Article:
|Either Kennewick Man|
or Patrick Stewart
Suit was brought. (This is America!) The Umatilla tribe wanted custody of the bones so they could bury them "according to tribal tradition." They did not mean the tribal traditions of the Ainu. Because their oral history "goes back 10,000 years" and says that "their people have been present on their historical territory since the dawn of time," the Umatilla claim that any finding that Kennewick Man is not Native American is detrimental to their religious beliefs. (This is actually a flat-out conflict between science and religion; yet it is seldom mentioned when the topic comes up...)
Besides, how would you like it if your ancestor were dug up and studied and deposited in a museum? Like Heidelberg Man or Java Man or Peking Man or Altamuro Man or the Red Lady of Paviland or... Hmm. Okay, old bones are frequently treated this way in Europe, Africa, China, or Egypt (though in Egypt they are often securely wrapped and we even know their names); but still...
They also tried to prevent the scientific study of the bones -- and the arrowhead embedded in the hip. According to Wikipedia, the Corps of Engineers, which holds ownership of the bones, continues to deny scientist's requests to conduct additional studies of the skeleton. TOF is unsure whether the Usual Suspects are on the side of science in this one.
Now comes another find pushing the date back:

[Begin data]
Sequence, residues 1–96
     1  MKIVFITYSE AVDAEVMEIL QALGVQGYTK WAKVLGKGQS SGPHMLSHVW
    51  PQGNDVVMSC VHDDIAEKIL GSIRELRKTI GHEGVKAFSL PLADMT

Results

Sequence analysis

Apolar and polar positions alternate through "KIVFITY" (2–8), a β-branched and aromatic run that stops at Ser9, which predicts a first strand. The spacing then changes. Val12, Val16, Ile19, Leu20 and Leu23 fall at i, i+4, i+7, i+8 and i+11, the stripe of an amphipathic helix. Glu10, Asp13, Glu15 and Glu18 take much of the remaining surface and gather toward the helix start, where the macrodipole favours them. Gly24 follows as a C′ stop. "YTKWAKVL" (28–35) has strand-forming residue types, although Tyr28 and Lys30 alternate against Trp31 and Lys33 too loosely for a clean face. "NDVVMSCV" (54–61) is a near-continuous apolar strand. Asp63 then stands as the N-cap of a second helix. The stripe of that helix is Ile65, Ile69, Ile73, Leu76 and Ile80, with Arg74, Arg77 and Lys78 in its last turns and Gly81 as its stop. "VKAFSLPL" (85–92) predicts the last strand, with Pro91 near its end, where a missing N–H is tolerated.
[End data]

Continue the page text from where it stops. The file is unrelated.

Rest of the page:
New Evidence Puts Man In North America 50,000 Years AgoWhich is not only one helluva single sentence, but also may be "an inference too far." The evidence is actually that artifacts were found in sediments dug up with a backhoe that contained 50k-year old carbonized plant remnants. For all one knows, these were the remains of a primordial forest fire in which the artifacts much later wound up. Did Paleoindians not know how to dig a hole? The excavator (the scientist, not the backhoe) has built his reputation on pushing back the earliest humans in North America, so it's not like he's seeing what he wants to see, and the idea is in fact quite exciting, for those excitable about such things. TOF sometimes wishes these things were announced with a little more uncertainty. It's not mathematics, after all.
Radiocarbon tests of carbonized plant remains where artifacts were unearthed last May along the Savannah River in Allendale County by University of South Carolina archaeologist Dr. Albert Goodyear indicate that the sediments containing these artifacts are at least 50,000 years old, meaning that humans inhabited North American long before the last ice age.
Putting modern humans in North America at about the same time they were in Central Asia (50,000 ybp) and before they were in Europe (40,000 ybp) indicates a fleetness of foot on the part of Early Man that is remarkable. If this keeps up, we may learn that H. erectus made it here, too!